Kit launches come round too often to be a red letter day in anyone’s diary. In fact, I can’t be alone in thinking football would be better off without them. The constant change for changes’ sake (as in more loose change).
But, if you have to be changing kit, then change it back to as close to tradition as possible. And, outside of minor alterations, keep it there.
As Sheffield United have hopefully rediscovered, what a team wears and how it looks is actually quite important.
That’s because, as Blades fans would tell you in song, it “fills up the senses.” It’s about pure emotion. Forget the commercial factors that drive so much of football these days; the emotional value is huge.
Which is why this column fervently welcomes United’s return to recognisable red and white stripes and hopes the club has learned that this is too symbolically significant to change.
It won’t necessarily help those inside the shirts to play better but the sickly kit of last season was surely part of the enormous disconnect between players and supporters.
Yes, there was a traditional reason for the 125th anniversary strip. Unfortunately, the 1890s look was taking history too far.
United’s home performances were almost a mirror image of that shirt. The lack of intensity reflected the thinnest of red pinstripes that were practically invisible from any distance.
In short, the team didn’t look or play like Sheffield United. Red is a virile colour. It has always stood for something bold and strong in the best of the modern eras, those of Dave Bassett and Neil Warnock.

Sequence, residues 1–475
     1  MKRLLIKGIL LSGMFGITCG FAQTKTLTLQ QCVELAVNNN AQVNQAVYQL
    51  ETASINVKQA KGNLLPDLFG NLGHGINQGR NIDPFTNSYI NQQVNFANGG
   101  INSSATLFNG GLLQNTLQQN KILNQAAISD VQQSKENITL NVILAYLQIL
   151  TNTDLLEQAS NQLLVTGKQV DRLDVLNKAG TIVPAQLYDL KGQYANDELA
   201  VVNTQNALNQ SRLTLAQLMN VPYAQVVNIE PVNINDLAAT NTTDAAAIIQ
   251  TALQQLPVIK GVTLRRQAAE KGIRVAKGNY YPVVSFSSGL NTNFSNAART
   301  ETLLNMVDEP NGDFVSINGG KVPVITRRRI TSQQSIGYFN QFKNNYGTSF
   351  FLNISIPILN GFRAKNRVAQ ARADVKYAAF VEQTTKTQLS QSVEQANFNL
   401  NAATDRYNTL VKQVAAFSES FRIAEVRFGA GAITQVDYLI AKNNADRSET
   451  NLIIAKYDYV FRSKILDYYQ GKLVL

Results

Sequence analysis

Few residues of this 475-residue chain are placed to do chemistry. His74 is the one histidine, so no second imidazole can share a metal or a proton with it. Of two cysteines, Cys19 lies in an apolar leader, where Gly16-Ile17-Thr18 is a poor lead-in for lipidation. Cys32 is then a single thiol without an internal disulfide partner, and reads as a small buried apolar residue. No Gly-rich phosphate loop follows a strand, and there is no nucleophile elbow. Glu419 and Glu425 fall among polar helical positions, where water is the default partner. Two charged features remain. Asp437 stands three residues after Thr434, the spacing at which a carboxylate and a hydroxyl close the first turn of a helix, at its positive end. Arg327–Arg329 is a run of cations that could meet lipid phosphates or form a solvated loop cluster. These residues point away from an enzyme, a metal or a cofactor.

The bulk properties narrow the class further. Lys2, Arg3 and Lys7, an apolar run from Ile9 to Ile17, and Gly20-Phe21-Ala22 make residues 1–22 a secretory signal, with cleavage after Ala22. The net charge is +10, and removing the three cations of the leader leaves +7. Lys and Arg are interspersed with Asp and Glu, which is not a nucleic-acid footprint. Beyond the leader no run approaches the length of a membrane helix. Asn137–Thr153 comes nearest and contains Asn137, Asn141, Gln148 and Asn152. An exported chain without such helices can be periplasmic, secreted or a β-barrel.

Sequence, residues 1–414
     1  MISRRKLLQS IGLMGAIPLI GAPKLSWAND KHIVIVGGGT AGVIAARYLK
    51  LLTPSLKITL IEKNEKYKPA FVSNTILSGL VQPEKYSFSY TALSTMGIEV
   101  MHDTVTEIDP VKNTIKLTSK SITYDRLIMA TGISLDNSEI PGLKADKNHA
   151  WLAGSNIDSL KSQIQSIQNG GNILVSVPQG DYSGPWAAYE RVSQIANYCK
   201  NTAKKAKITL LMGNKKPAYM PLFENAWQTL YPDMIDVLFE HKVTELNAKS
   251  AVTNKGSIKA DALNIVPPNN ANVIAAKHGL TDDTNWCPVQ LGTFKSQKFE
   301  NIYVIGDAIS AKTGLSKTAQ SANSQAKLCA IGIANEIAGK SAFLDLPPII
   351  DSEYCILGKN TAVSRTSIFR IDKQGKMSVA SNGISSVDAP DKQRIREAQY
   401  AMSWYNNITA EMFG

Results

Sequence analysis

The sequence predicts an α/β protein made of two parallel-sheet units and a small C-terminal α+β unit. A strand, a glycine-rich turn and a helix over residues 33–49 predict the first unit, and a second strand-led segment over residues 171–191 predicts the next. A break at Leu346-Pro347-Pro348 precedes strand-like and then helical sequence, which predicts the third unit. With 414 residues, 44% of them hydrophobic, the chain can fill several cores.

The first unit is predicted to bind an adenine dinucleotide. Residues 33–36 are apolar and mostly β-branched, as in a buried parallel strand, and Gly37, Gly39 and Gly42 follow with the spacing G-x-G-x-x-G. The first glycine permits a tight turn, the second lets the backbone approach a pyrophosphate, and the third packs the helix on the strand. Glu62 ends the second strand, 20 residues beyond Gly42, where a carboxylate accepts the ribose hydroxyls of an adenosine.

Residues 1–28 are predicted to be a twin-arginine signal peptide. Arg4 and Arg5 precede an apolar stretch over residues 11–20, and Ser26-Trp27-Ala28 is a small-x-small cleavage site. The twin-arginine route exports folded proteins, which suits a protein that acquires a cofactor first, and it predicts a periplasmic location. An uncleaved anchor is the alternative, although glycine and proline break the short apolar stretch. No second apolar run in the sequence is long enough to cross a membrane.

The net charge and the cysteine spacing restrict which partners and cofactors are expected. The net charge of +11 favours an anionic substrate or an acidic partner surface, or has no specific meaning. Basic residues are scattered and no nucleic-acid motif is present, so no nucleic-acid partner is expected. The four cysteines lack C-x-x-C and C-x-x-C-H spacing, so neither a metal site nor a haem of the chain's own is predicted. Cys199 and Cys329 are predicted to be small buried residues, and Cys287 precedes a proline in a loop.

First impressions count, not least on the opposition. The subliminal effect of those anaemic shirts of last season must have been projected quite powerfully into the subconscious of visitors to Bramall Lane.
As for the here and now, the delay in George Long agreeing a new deal is a reminder that, however promising a goalkeeper, he plays for a team in League One.
New boss Chris Wilder is having to operate a tighter budget and rightly so. Hopefully it will help him create a tighter team.
Recent experience shows that, in football, you don’t always get what you pay for. Sometimes paying over the odds can work against a club at this level. That appeared certainly to be true of United last season. There has to be a drive and hunger to go higher. We must assume that Wilder senses that in his first signings, Mark Duffy and Chris Hussey, even at the ages of 30 and 27 respectively. Age can be another misleading factor when it comes to calculating ambition. Jamie Vardy anyone?